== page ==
If you’re one of those “keeping up with the Joneses” competitive types, you may as well just give it up. Some Russian megabillionaire named Andrey Melnichenko is spending $450 million on the world’s largest sailing yacht.
One of our friends once observed that if you’re measuring your self-worth by comparing your bankroll to others, you’re doomed to failure. There’s always going to be someone, like Mr. Melnichenko, whose financial statement will to blow you out of the water. And in fact Mr. Melnichenko, whose yacht will weigh 14,224 tons, is worth about $9 billion — an unimaginably huge sum to most of us — but he’s only ranked 97th on the Forbes list of world billionaires. (He’s also married to a “supermodel” unknown to me, by the way.)
So how do you complete with somebody like Mr. M? How about in the creativity department? He’s named his massive craft “Sailing Yacht A.”
Somewhere along the Maine coastline, you will find Nervous Nellie’s Jams and Jellies. It’s home not only to some great and inventive jams and jellies, but also to the sculpture of Peter Beerits — an artist who creates interesting pieces out of discarded odds and ends.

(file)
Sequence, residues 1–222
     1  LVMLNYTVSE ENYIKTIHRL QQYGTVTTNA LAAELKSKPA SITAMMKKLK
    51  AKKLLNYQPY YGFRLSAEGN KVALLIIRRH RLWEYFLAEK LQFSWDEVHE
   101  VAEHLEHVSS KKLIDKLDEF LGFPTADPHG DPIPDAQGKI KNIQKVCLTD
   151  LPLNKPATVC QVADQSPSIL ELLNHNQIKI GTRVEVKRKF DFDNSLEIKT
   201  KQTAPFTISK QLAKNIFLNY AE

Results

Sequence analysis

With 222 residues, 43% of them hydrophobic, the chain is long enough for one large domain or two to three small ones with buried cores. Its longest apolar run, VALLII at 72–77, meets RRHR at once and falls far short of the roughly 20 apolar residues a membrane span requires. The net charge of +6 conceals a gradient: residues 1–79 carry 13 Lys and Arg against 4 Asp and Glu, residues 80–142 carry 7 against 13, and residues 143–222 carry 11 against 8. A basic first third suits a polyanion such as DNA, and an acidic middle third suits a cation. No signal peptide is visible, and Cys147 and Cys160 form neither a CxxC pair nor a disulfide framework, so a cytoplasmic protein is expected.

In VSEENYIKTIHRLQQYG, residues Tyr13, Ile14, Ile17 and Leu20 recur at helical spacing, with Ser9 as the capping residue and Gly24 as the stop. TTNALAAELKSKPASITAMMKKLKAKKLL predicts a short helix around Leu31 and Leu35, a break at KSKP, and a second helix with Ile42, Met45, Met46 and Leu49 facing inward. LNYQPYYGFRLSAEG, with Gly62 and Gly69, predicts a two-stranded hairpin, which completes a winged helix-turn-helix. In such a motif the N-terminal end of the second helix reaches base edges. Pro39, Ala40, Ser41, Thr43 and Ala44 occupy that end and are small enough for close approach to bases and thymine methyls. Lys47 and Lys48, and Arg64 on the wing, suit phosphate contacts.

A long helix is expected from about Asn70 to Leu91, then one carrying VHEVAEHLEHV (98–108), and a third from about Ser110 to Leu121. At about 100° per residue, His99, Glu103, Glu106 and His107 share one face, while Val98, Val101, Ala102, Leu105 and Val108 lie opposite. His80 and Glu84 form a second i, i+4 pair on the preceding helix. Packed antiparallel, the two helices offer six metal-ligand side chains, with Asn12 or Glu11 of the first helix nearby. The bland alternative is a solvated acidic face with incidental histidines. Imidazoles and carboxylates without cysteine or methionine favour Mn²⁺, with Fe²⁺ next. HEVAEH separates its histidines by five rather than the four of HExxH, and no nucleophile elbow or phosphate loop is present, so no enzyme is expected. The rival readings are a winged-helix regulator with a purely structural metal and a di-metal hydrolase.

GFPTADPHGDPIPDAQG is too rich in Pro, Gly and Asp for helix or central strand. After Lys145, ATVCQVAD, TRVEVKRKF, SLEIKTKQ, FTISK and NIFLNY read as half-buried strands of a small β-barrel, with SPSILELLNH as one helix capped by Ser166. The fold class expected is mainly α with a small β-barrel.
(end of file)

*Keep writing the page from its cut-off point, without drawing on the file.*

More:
The area around Nervous Nellie’s is chock full of Beerits’ work, including pieces organized into an entire Old West town, complete with jail, general store, and a saloon with card players. The artwork has a certain fascination to it, because Beerits obviously can see through the current condition of an object to its ultimate, artistic realization — where a rusted top of an outdoor grill becomes the shell of a tortoise, or an old washtub serves as the legs of a goat. It’s all quite in line with Michelangelo’s purported statement that his sculptures were always there, lurking inside the block of marble — he just was able to see them, and then could chop and smooth away the unnecessary stuff.
It’s cool to see what most of us would consider to be junk reused, and reimagined, into interesting pieces of art.